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US rap star Kanye West apologizes for anti-Semitism

Kanye West has been kicked off Twitter for incitement to violence
Kanye West has been kicked off Twitter for incitement to violence - Copyright AFP/File Ivan Pisarenko
Kanye West has been kicked off Twitter for incitement to violence - Copyright AFP/File Ivan Pisarenko

US rapper Kanye West apologized to the Jewish community Tuesday, after a series of anti-Semitic comments that sparked outrage and led to the star being dropped from lucrative commercial deals and banned from social media.

The reason for the timing of the mea culpa was unclear — West’s most high profile outbursts came more than a year ago — although his next album, “Vultures,” is due out in two weeks.

“I sincerely apologize to the Jewish community for any unintended outburst caused by my words or actions. It was not my intention to hurt or disrespect, and I deeply regret any pain I may have caused,” he said in a statement written in Hebrew on his Instagram page.

“I am committed to starting with myself and learning from this experience to ensure greater sensitivity and understanding in the future.”

Several of the comments below the statement complained that it was written in Hebrew, which comparatively few people can read.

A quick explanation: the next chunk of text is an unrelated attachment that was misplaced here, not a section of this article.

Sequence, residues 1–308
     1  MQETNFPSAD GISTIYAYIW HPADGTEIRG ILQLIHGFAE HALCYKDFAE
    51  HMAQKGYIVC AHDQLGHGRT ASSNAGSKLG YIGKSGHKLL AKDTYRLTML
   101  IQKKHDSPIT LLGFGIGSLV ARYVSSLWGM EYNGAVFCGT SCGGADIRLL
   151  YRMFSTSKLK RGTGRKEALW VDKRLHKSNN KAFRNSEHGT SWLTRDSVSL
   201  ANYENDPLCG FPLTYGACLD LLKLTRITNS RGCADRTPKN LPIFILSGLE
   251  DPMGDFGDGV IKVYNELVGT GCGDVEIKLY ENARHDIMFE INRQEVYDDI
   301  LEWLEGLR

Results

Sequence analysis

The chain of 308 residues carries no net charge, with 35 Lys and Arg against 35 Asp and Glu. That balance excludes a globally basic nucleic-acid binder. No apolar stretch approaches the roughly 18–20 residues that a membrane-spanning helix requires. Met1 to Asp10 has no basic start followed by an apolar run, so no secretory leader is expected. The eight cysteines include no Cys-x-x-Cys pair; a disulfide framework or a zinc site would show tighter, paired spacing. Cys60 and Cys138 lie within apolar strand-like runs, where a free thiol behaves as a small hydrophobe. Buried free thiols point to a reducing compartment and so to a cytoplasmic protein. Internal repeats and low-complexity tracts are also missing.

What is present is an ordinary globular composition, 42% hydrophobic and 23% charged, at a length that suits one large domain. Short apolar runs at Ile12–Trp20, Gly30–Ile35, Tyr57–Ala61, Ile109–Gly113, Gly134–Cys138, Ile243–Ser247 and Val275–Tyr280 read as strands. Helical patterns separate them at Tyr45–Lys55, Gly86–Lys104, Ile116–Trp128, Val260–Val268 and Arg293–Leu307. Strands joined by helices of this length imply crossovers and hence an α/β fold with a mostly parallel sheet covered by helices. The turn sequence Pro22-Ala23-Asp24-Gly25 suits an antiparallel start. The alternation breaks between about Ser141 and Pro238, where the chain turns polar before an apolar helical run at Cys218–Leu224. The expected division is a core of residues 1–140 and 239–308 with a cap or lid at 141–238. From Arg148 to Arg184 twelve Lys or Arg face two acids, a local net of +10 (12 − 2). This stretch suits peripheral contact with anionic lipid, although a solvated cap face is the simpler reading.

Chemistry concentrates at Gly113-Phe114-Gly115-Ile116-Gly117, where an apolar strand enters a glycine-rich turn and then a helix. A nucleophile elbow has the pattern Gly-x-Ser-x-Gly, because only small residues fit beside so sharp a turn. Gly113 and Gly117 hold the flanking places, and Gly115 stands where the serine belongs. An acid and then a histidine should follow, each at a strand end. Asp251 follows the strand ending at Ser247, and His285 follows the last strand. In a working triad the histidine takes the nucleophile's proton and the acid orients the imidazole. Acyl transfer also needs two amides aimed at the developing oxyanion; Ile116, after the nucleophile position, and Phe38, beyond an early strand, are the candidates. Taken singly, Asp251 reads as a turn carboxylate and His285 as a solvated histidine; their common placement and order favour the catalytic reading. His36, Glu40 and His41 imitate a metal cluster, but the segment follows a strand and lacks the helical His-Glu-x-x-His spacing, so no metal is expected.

West, who now goes professionally by Ye, has shocked and alarmed fans with a series of threats against Jewish people that drove sportswear giant Adidas and other fashion houses to dump him, and saw him locked out of most social media platforms.

The 46-year-old one-time titan of fashion and music has made declarations of “love” for Nazis and voiced his admiration for Adolf Hitler.

West posted an image to social media site X in 2022 that appeared to show a swastika interlaced with a Star of David, and was suspended by the platform’s owner Elon Musk, who accused the artist of “incitement to violence.”

The “Gold Digger” rapper said in March that he was renouncing anti-Semitism after watching actor Jonah Hill in the film “21 Jump Street” — in a performance that made him “like Jewish people again.”

West’s apology comes at a time of rising concern in the United States over a normalization of anti-Semitic discourse — increasingly co-opted by a white supremacist fringe that was emboldened under the presidency of Donald Trump.

The chart-topper took part in an unhinged interview last year with conspiracy theorist Alex Jones and Holocaust denier Nick Fuentes, in which he ranted about the devil, professed his “love” of the Nazis and declared “I like Hitler.”

The Anti-Defamation League welcomed Tuesday’s apology but noted that West had caused “untold damage” by using his vast influence to “poison countless minds with vicious antisemitism and hate.” 

AFP
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With 2,400 staff representing 100 different nationalities, AFP covers the world as a leading global news agency. AFP provides fast, comprehensive and verified coverage of the issues affecting our daily lives.

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